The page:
Monday, 12 September 2016

Do young readers prefer paper books? Let's find out...

Well, everyone's been saying it. Younger readers do not like ebooks. Or, more likely, their parents and grandparents don't consider an ebook a real book worthy of being a gift, and unless they've been let loose with a credit card or some kind of credit online, younger readers don't have the buying power to download their own ebooks. That certainly seems to be confirmed by my indie ebook sale figures (three figures annually) compared to my print sales figures with publishers (five figures).

On the other hand, this is hardly a scientific comparison, even as far as unscientific book sales go, since producing a title indie means no marketing or promotion aside from the odd blog like this one, little support from the traditional channels, and a totally different sales model. The only way to discover if my ebooks are not selling because young readers prefer paper books, or for some other reason (such as I am a totally pointless writer with rubbish stories and should give it all up and walk into the sea on a dark night?) is to publish a paperback indie and keep a record of both sets of sales. So over the summer, instead of walking into the sea, I stayed at my desk and tackled Createspace to produce my first ever indie paperback edition of one of my books:



This is the long-awaited sequel to my second book Spellfall, which was published in 2001 by Chicken House in the UK and Scholastic in the US. Chicken House decided that 15 years was too long between the two books (they have a point - some of the original fans of Spellfall will now have children of their own!) and I did not feel comfortable offering the sequel elsewhere, so it made sense to do this one indie.

Sense does not mean easy. As I suspected, publishing a paperback is a whole lot more complicated than simply uploading an ebook. The cover, as you can see above, needs a back and a spine of the right width for your number of pages. It also needs an ISBN and a barcode (not shown above, but Createspace will add that for you). That's after you've designed the front cover, which I managed for this project using canva.com and uploading my own artwork. More about covers in a later post.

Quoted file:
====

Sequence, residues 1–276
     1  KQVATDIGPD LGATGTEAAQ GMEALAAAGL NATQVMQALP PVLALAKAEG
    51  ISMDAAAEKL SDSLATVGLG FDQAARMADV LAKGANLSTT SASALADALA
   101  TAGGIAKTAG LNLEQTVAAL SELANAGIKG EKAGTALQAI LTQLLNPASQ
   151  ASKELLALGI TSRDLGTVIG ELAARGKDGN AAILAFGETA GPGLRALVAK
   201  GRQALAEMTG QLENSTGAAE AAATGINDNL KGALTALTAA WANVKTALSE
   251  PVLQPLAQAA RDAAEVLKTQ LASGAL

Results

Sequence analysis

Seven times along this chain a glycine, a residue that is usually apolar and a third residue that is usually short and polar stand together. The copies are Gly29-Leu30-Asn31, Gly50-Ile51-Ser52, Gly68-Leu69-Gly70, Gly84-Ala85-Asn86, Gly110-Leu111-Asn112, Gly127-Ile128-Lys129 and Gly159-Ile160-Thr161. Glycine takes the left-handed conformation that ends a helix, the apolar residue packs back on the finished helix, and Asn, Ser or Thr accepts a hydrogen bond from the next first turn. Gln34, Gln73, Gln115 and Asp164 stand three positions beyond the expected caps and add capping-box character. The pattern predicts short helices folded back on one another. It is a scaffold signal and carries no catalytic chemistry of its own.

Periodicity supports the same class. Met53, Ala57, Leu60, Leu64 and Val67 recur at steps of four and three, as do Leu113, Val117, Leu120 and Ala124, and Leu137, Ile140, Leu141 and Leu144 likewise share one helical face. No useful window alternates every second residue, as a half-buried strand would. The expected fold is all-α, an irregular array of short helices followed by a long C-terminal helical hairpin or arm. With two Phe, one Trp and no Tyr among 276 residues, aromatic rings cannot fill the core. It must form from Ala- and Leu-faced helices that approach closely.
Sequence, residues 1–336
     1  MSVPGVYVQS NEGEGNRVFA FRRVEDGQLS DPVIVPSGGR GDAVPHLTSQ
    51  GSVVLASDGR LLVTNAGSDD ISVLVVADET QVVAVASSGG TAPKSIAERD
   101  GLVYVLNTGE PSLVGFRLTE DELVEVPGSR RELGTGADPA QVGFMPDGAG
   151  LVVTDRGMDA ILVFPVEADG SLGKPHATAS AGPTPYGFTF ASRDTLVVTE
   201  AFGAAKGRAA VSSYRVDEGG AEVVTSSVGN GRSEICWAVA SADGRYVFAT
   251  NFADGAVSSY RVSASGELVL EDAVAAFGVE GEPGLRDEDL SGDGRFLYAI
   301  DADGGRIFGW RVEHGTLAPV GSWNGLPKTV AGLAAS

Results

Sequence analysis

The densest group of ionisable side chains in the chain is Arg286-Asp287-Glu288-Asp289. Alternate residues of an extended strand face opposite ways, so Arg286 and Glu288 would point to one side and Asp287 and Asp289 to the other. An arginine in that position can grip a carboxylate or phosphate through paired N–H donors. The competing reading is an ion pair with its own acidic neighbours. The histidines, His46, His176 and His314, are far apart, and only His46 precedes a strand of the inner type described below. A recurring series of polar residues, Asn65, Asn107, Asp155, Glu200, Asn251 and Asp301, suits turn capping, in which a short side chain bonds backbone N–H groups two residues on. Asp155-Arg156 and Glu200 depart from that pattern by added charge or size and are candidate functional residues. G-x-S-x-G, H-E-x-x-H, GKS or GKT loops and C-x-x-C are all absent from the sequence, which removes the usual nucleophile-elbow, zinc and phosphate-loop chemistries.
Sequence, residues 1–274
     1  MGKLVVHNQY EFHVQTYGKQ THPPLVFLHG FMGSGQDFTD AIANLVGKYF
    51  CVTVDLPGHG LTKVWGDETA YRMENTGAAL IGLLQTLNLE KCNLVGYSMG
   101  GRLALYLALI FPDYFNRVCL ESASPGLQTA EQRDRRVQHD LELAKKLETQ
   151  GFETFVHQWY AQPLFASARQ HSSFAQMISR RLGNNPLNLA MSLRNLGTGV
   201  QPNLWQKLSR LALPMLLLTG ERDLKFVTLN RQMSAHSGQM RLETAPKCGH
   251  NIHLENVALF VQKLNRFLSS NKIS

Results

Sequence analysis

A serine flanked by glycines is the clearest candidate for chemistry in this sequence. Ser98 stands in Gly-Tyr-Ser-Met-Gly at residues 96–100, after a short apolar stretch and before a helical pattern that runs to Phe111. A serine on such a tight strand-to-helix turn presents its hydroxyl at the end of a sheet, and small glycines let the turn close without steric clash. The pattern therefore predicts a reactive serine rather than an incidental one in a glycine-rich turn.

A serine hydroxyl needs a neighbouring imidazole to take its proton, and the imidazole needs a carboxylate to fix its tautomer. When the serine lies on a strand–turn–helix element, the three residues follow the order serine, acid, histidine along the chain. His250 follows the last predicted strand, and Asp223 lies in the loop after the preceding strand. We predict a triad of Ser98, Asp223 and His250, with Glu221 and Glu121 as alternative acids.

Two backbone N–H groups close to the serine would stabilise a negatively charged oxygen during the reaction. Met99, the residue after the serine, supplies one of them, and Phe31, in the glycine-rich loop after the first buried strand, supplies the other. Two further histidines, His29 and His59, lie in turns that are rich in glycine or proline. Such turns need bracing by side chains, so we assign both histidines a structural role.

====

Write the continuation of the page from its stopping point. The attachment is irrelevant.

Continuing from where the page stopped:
Then there's the interior formatting, which I tackled in my ancient version of Word and then uploaded to Createspace for conversion into a pdf. This is not the ideal way to keep control of your book format, but as long as you proof your book carefully after conversion it works fine. (If you're interested in producing your own Createspace title on a shoestring, look out for the Muse's guide to formatting, coming soon.)

Since Spellfall had chapter illustrations, I decided to include a few in the sequel too. To avoid any problems with copyright, I created my own animal silhouettes by cutting out shapes from black paper, photographing them on a plain background, and then converted the digital pictures into transparent background png files for including in my Word file... transparent because I chose cream paper for the interior pages and didn't want the backgrounds showing.

Lord Hawk's familiar before she flew into the book.

Here is the start of Chapter 6, showing a squirrel called Chatterbox belonging to one of the young treemages chosen to join Natalie's spellclave:


You'll see from this page that the print is fairly small for a children's book. That's because both Spellfall and Spell Spring are full-length novels of around 70,000 words each meant for confident readers aged 10+. Having read somewhere that my default manuscript font of Times New Roman is perceived as 'boring' (Muse: maybe change that next time for submitting to a publisher?!), I used Garamond 12pt type, which made the text size about the same as it is in my 2007 copy of Spellfall. I chose a trim size of 5 x 8.25 inches, which is the US YA/teen standard and slightly different from the UK paperback standard but not much. That made the page count about the same so the two books are around the same thickness, and I carried the star theme over from the cover so if you already have Spellfall they should look okay together on your shelf.

Chicken House 2007 edition
Book 1: Spellfall

So here it is at last - the 'real book' version of Spell Spring! And if you want to buy these books as a gift for a young reader, a matching print-on-demand edition of Spellfall is on its way in plenty of time for Christmas.



Both titles are also available as ebooks.

SPELL SPRING (Earthaven Book 2)

SPELLFALL (Earthaven Book 1)
paperback - secondhand editions may also still be available

Interested in indie publishing? See further discussion of the Createspace process over at Authors Electric.

LinkWithin

Related Posts with Thumbnails